FIG. 13 is a partially exploded front view of the radial embodiment of an apparatus 400 for milling material 102 illustrating a mixing paddle 420, a collector assembly 470, and a milling portion 490. The milling portion 490 may include a rasp (not shown), a trimming member (not shown), and a liner 481. The apparatus 400 may include a mixing paddle 420. The mixing paddle 420 may be connected to the spindle 498 such that as the spindle 498 rotates, the mixing paddle 420 may also rotate. In the present embodiment, the mixing paddle 420 may be separately connected to the spindle 498 after the rasp 405 (shown in FIG. 10) is removed. The collector assembly 470 may be removed to allow the rasp 405 and/or the trimming member 404 (shown in FIG. 10) to be removed from the spindle 498. The mixing paddle 420 may then be connected to the spindle 498 and the collector assembly 470 reconnected to the apparatus 400.

The apparatus 400 may include a funnel 434, a cover 435, and a spindle 498. These elements may be used to create an inner volume that is sealed, which may facilitate milling the material 102 in an airtight, sealed environment. The apparatus 400 may also include a fluid port 468 and a vacuum port 469. The fluid port 468 may be used to add fluids to the milled material 102. The fluids and milled material 102 may be mixed in the collector assembly 470 by the mixing paddle 420 to make a paste. Because the apparatus 400 may include a sealed inner volume, the vacuum port 469 may be used to create a vacuum within the sealed inner volume. Mixing under vacuum may facilitate replacing the air pockets in and around the milled material 102 with the added fluids. Moreover, mixing under vacuum may prevent aerating the paste during mixing.

In other embodiments, the mixing paddle 420 may be connected to the spindle 498 and located below the base surface (not shown). The mixing paddle 420 may be contained within the collector assembly 470. Thus, as the milled material 102 passes through the base surface (not shown) and is collected in the collector assembly 470, the mixing paddle 420 may mix the material 102. Other connections between the mixing paddle 420 and the spindle 498 are contemplated. For example, the mixing paddle 420 may be connected indirectly to the spindle 498 by a connection to the trimming member (not shown), the rasp (not shown), and/or other connections.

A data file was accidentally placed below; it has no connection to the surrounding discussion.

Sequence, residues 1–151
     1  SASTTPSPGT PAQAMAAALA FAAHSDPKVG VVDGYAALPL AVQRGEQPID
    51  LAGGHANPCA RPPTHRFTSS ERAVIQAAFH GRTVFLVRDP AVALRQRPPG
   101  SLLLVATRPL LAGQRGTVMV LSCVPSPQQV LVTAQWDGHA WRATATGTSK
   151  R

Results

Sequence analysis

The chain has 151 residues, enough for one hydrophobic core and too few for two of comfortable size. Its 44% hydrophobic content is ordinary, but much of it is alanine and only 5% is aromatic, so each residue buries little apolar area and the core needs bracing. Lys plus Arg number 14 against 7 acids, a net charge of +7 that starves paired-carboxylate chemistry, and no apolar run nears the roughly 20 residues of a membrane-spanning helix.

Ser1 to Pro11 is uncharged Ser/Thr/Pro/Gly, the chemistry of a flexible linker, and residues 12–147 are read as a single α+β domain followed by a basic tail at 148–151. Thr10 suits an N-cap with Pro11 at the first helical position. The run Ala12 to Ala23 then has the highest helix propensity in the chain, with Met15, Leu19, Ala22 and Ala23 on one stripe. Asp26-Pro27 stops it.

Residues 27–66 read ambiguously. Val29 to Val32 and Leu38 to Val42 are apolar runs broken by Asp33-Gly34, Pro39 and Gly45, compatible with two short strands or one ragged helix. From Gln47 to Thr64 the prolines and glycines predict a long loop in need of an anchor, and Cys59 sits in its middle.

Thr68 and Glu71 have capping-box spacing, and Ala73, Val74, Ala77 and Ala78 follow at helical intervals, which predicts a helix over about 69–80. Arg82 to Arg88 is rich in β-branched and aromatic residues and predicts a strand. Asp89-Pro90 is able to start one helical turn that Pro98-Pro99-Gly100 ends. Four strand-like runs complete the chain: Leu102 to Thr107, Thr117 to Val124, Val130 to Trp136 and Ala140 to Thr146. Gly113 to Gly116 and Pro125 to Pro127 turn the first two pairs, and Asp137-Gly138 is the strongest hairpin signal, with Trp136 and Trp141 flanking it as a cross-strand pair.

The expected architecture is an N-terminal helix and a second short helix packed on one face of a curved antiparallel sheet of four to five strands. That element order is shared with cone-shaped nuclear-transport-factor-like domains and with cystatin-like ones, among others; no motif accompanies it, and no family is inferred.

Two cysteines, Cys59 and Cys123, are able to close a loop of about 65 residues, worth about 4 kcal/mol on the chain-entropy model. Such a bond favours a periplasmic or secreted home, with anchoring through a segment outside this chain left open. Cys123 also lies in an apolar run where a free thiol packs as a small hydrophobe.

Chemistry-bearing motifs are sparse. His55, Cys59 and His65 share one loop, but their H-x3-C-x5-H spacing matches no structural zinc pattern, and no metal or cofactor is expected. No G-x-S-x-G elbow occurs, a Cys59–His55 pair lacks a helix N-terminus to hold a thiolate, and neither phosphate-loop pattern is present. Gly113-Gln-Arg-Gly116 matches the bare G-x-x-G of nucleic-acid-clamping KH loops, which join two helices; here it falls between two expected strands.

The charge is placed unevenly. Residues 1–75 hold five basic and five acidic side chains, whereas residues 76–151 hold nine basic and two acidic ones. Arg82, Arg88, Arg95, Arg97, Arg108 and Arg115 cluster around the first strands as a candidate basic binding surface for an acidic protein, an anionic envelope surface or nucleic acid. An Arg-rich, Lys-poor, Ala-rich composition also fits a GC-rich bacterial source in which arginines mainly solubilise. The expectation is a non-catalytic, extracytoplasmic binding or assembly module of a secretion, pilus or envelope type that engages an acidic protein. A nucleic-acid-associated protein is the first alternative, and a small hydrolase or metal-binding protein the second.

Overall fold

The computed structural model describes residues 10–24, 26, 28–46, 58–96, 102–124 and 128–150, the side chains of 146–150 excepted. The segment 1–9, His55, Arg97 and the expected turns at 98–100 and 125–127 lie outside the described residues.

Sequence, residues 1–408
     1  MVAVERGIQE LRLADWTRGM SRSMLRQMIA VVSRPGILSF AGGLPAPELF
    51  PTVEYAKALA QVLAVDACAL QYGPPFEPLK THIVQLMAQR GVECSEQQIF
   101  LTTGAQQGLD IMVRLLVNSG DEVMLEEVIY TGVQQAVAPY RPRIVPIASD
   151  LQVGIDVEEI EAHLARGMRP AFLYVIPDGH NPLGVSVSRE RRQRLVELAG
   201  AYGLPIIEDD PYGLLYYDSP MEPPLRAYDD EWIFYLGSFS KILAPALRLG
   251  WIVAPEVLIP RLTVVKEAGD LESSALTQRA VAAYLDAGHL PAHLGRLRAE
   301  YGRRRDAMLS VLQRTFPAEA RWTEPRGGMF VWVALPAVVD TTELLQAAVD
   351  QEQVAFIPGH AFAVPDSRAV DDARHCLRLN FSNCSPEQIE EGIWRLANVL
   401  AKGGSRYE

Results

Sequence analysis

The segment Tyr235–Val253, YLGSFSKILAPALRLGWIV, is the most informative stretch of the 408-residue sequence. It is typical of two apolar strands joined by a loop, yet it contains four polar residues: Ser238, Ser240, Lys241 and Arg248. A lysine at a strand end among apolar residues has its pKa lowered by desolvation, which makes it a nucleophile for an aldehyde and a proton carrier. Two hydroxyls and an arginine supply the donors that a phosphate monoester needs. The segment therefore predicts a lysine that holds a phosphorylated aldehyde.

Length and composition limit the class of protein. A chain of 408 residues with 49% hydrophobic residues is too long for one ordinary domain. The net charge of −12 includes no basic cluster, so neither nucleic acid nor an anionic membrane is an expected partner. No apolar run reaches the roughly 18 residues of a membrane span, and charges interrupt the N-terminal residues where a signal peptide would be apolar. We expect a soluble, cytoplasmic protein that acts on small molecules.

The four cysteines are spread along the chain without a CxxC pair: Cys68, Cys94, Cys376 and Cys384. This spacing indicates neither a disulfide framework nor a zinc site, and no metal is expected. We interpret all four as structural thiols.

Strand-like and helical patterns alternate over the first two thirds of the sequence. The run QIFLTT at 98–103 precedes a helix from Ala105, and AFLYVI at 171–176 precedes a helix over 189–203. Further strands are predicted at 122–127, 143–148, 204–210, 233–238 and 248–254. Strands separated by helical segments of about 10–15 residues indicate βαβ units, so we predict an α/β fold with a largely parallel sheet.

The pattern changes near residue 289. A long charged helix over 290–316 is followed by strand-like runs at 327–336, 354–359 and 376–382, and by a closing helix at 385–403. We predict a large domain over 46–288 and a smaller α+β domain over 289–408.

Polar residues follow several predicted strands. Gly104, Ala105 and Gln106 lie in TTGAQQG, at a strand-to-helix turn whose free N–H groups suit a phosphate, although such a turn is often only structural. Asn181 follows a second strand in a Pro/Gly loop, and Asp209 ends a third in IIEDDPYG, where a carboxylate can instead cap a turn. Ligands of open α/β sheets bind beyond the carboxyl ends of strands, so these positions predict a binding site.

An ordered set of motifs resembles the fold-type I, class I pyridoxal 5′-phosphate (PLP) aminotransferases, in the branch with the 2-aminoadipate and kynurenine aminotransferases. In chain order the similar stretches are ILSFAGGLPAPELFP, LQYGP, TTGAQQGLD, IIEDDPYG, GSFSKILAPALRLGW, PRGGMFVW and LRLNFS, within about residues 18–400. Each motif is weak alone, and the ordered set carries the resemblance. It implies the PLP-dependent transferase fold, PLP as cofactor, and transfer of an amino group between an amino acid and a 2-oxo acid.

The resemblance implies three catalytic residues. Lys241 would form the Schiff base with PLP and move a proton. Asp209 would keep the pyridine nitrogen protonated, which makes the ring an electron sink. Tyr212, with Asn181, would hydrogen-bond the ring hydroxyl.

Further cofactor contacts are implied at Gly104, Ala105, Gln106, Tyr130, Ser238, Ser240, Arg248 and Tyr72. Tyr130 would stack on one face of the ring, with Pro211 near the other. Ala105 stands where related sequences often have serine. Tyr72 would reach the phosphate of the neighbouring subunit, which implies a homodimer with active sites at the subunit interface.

Various components of the disclosed apparatuses 200, 300, 400 may be disposable. For example, the rasps 205, 405, liner 481, and/or collection assembly 270, 470 may be removed and discarded after use. Other components of the disclosed apparatuses 200, 300, 400 may be autoclaved and reused.

The foregoing descriptions illustrate general principles that may be applied to mill material. The following is an example of a potential method for using these principles. Material 102 to be milled may be enclosed prior to being milled. For example, a hopper assembly 260 or a funnel 434 and hollow spindle 498 may enclose the material 102 to be milled.

A push surface, i.e. the push surface 266 of the push rod 264 (shown in FIG. 5) or the push surface 466 of the ramped openings 450 (shown in FIG. 10), may direct the material 102 to be milled toward the base surface 106 of the rasp 105. A cutting tooth 110 may engage a piece of the material 102 to be milled and may remove a piece of the material 102. The material 102 may be removed when the material 102 abuts the ribs 108 of the trimming member 104 and the cutting tooth 110. The milled material 102 may pass through the base surface 106 of the rasp 105 into a collector assembly 270, 470.

The milled material 102 may be mixed with other ingredients to form a paste. In some embodiments, the milled material 102 is mixed with other ingredients under a vacuum to prevent air pockets from entering the paste. The paste may be dispensed using a dispenser 280. Forming a paste with the freshly milled material 102 may provide an improved paste. For example, making a paste of a material 102 freshly milled from a bone may create a more effective paste for bone grafts.

The apparatuses 200, 300, 400 and methods disclosed may be particularly suitable for culling live bone chips, cutting the chips into a desired particle size distribution profile, making a paste of the cut chips, and/or applying the paste for use with a bone graft. The methods and apparatuses 200, 300, 400 may also be used in other applications where a desired particle size distribution profile may be desired.